Merrill Lynch Reargues Case for Secrecy
Merrill Lynch & Co. urged a state appeals court in Santa Ana on Tuesday to block the release of secret grand jury testimony about the giant brokerage’s role in the Orange County bankruptcy, but justices hinted that they might release edited volumes to news organizations and others seeking the material.
Any release of grand jury testimony would be a setback for the Wall Street brokerage, which has fought vigorously to keep the transcripts secret.
The transcripts, attorneys believe, could help to explain what role Merrill Lynch executives played in the financial collapse of Orange County. The brokerage has consistently denied any wrongdoing.
The county declared the nation’s largest municipal bankruptcy in December 1994, after losing $1.64 billion on risky securities.
During the course of a securities fraud investigation, a county grand jury questioned numerous Merrill Lynch executives about the firm’s dealings with former county Treasurer Robert L. Citron, but the investigation was abruptly terminated last June when Orange County Dist. Atty. Mike Capizzi accepted a $30-million settlement to end the probe.
At the request of attorneys representing the news media, Superior Court Judge David O. Carter originally ordered transcripts of the grand jury proceedings released. But attorneys for Merrill Lynch and its employees fought that ruling all the way to the state Supreme Court, which ordered Tuesday’s hearing.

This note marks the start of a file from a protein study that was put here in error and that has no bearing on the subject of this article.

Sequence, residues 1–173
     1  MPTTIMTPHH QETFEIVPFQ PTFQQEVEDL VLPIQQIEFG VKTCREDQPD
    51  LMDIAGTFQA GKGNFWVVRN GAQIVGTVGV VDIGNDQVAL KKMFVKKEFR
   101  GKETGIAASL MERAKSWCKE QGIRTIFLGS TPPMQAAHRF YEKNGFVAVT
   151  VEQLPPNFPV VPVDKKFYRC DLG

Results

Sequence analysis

The three-judge appellate panel seemed interested in what the settlement involved.
“What did Merrill Lynch get for its $30 million?” Justice Thomas F. Crosby Jr. asked Robert Morvillo, an attorney for the brokerage.
“I’m not trying to be disingenuous here,” the New York attorney replied. “A major benefit the corporation got was not being indicted.”
The county’s attorneys, who joined the court action on the same side as the media, say they too need the transcripts to prepare for the trial of the county’s federal damage suit against the brokerage, which is due to begin in September.
Although grand jury transcripts are usually kept secret, the news media’s attorneys have argued that there is an overriding public interest in the release of the information collected by the grand jury.
“No one . . . has had any ability to look at what happened here,” argued Kelli Sager, a media attorney.
“What you’re saying is the district attorney used the grand jury to shake down Merrill Lynch for $30 million?” Crosby asked Sager at one point.
That might have happened, Sager replied, but the answer is sealed in the transcripts.
At one point, Crosby asked Sager if she would object to having the thousands of pages and documents returned to Carter for “redaction” to black out trade secrets and information that would be wrongly damaging to Merrill’s employees.
She didn’t object, but she said Merrill Lynch and the employees should specify what they want withheld rather than having Carter pore through stacks of paper.